Susanne Rudolph, who passed away on December 23, represented an embattled and fast-disappearing strand of political science that seamlessly incorporated history, anthropology and political psychology. Along with her husband and long-time collaborator, Lloyd Rudolph, she was the author of seminal books on India and comparative politics, including The Modernity of Tradition: Political Development in India and In Pursuit of Lakshmi: The Political Economy of the Indian State.
Susanne, the daughter of a German couple who fled Nazi Germany for the US in 1939, received her PhD from Harvard in 1955. It was at Harvard that she met Lloyd, a fellow graduate student. They married in 1952, marking the beginning of a scholarly partnership that has few parallels in academia. In 1956, the Rudolphs embarked on their first trip to India, driving from London to New Delhi in a Land Rover. In 2014, Susanne and Lloyd were awarded the Padma Bhushan.
The Modernity of Tradition, published in 1967, was a groundbreaking work that struck a different path from contemporary trends in political science in the study of developing and post-colonial nations. In the introduction to the book, Susanne and Lloyd wrote: “The myths and realities of Western experience set limits to the social scientific imagination, and modernity becomes what we imagine ourselves to be.” Instead they argued for according “tradition a higher priority in the study of modernisation than has often been the case in the previous analyses of it.” Accordingly, the Rudolphs studied three aspects of Indian life and society they believed were adapted to serve the needs of a modernising society: Caste, the traditional roots of charisma in the form of Mahatma Gandhi and legal cultures. Subsequently, the “modernity of tradition”, the idea and the phrase, influenced several scholars of India.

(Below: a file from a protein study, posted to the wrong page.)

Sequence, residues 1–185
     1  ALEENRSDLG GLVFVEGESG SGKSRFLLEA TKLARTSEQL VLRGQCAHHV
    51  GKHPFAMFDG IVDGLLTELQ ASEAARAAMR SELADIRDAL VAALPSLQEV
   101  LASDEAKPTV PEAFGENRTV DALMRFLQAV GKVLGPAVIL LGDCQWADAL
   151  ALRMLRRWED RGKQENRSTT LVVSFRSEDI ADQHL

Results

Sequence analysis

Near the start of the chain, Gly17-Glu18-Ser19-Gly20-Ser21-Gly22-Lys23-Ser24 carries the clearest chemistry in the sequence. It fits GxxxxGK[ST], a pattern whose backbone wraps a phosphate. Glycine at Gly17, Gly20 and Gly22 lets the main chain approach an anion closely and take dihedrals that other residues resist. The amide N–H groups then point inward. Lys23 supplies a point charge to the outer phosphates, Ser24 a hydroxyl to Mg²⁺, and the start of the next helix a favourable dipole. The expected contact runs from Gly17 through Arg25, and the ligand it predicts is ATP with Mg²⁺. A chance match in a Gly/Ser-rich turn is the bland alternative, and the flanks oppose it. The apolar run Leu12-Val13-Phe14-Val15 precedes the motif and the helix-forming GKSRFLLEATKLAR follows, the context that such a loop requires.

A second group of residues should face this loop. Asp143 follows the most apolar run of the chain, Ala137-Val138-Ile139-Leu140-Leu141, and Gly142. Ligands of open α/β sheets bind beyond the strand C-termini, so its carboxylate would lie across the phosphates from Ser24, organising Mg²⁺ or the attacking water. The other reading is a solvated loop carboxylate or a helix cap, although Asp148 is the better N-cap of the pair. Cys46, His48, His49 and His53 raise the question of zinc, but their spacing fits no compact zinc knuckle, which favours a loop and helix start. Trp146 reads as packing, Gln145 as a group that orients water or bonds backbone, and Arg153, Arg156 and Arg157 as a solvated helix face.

The themes in The Modernity of Tradition, particularly Gandhi, remained life-long concerns of Susanne. She not only co-taught with Lloyd a course on Gandhi at the University of Chicago, where they spent nearly 40 years beginning in 1964, but also published in 2006 a co-authored volume on Gandhi, Postmodern Gandhi and Other Essays.
Susanne and Lloyd rebelled against the increasing hold of quantitative and mathematical methodology on political science. They were active in the “perestroika movement”, a loose-knit effort within the American Political Science Association, beginning in 2000, that sought to open political science to greater methodological pluralism.
Susanne and Lloyd lived in India every fourth year for nearly 50 years. Much of this time was spent in Jaipur. Jaipur and Rajasthan were very special to Susanne, and she and Lloyd spent 28 years editing and interpreting Rajput noble Amar Singh’s diaries, which ran into 89 bound volumes. The result was the edited volume, Reversing the Gaze: Amar Singh’s Diary, A Colonial Subject’s Narrative of Imperial India, published in 2000. They had also authored an earlier book, Essays on Rajputana. These books were an example of the extraordinary diversity of Susanne’s research interests, which ranged from polo to Tamil cinema. This diversity is captured in the Rudolphs’ three-volume collection of essays, Explaining Indian Democracy: A Fifty Year Perspective, 1956-2006.
It was not just her scholarship that made Susanne stand out. Along with Lloyd, she was mentor to a legion of students who have left their mark on the study of India. She forged a bond with students that went far beyond the usual teacher-student relationship. Many of her students at the University of Chicago, including myself, fondly remember the post-seminar gatherings at the Rudolphs’ lakeside apartment in Hyde Park, where food, beer and sparkling conversation flowed freely.
In recent years, Susanne’s physical movements had been hampered by illness. But she and Lloyd were present at Rashtrapati Bhavan in 2014 to receive the Padma Bhushan. Despite her illness, her mind remained razor sharp. When I saw her for the last time earlier this year at her home in Oakland, California, she was keenly interested in the reasons behind the success of the AAP in Delhi. She was also involved in editing the letters she had written during her years of research in India. One hopes those will be published as a tribute to an excellent scholar and an extraordinary person.
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